TORONTO, Ontario, May 30, 2014 ( – Prime Minister Steven Harper reiterated the Conservative government’s official policy that bars funding abortions from its flagship maternal health program in the developing world – despite the fact that the government never actually stopped funding abortion overseas. 

“We're trying to rally a broad public consensus behind what we're doing, and you can't rally a consensus on that issue [of abortion], as you know well in this country,” Harper told CBCNews during the summit on maternal and child health taking place in Toronto this week. 


“It's not only controversial here, it's controversial and often illegal in many recipient nations. So, we’re focusing on the things where we can save lives and where there’s great public consensus behind what we’re doing,” he said.

When CBC's Hannah Thibedeau asked Harper if he was comfortable exporting his beliefs abroad, he responded: “We're really not taking a position on that. We have taxpayers' money and we have great needs…And frankly, there's more than enough things that we can finance, including contraception, without getting into an issue that really would be extremely divisive for Canadians and donors.” 

The Conservative government first announced in April 2010 that it would not “include funding of abortions” as part of its Muskoka Maternal, Newborns and Child Health commitment overseas. 

Despite this pledge, the government continued funding Marie Stopes International — a leading abortion provider, which admits to offering the procedure in countries where it’s illegal — until May 2011. 

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In September 2011, the government then awarded a three-year, $6 million grant to the International Planned Parenthood Federation (IPPF), the world’s leading abortion provider, for “sexual and reproductive health services.”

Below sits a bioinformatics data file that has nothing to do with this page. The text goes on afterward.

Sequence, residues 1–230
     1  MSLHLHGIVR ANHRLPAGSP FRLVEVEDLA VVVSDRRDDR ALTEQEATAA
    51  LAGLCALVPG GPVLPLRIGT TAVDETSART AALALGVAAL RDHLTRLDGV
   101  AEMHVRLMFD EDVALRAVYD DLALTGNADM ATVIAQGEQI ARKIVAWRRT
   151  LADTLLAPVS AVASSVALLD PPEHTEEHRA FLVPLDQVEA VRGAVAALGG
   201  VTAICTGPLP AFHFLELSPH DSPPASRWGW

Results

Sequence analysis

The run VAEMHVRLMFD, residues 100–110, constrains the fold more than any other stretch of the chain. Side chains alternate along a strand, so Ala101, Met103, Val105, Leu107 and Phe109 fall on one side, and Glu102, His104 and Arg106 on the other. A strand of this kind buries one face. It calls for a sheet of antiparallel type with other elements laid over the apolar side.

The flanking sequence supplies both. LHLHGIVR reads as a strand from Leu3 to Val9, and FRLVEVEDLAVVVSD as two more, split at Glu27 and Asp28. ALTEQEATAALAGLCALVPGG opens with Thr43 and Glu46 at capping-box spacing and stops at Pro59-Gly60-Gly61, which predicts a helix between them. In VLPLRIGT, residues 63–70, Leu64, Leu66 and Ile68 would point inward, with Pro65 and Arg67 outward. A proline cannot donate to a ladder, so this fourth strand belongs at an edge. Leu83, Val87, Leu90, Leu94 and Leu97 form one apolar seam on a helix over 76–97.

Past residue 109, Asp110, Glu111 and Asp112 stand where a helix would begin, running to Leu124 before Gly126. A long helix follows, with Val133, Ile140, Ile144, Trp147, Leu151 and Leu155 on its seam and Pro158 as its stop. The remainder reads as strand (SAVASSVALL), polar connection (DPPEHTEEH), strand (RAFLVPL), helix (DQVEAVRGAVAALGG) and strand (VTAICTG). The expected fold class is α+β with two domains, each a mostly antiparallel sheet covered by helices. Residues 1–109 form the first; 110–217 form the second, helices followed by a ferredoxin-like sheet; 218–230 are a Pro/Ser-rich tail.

The Conservatives defended the grant at that time, saying that it was in line with its pledge because abortion is not legal in the five countries — Afghanistan, Bangladesh, Mali, Sudan, and Tanzania — where IPPF would invest the money. The grant agreement in fact stipulated that “abortion services will not be funded.” 

But shortly after the government announced the IPPF grant, Conservative MP Maurice Vellacott pointed out that abortion is not, in fact, illegal in Bangladesh when it is carried out as “menstrual regulation” — a procedure that an IPPF affiliate receiving 35 percent of the $6 million grant admitted to performing in the thousands per year. 

“Government policy in Bangladesh does not recognize abortion; but there [exists] a policy on menstruation regulation (MR), which permits termination of unwanted pregnancy up to 10 weeks from the last menstrual period,” stated IPPF affiliate Family Planning Association of Bangladesh on its website at the time.

When pressed for a record of where the IPPF funds go, the government admitted last October that it has “no records” to indicate what specifically is included in IPPF’s “sexual and reproductive health” and “family planning” services. 

While Mr. Harper has stated on numerous occasions that he will not reopen the abortion debate, he said in the recent CBC interview that “it’s hard for me not to get very emotional” over Canadians foregoing vaccinating their children. 

“We do have scientists and medical professionals who do great work and verify this. I just think it’s a tragedy when people start to go off on their own theories and not listen to the scientific evidence.”

In 2012, Mr. Harper voted against Motion 312 which had called on Parliament of set up a committee to examine the scientific evidence for the humanity of the unborn child.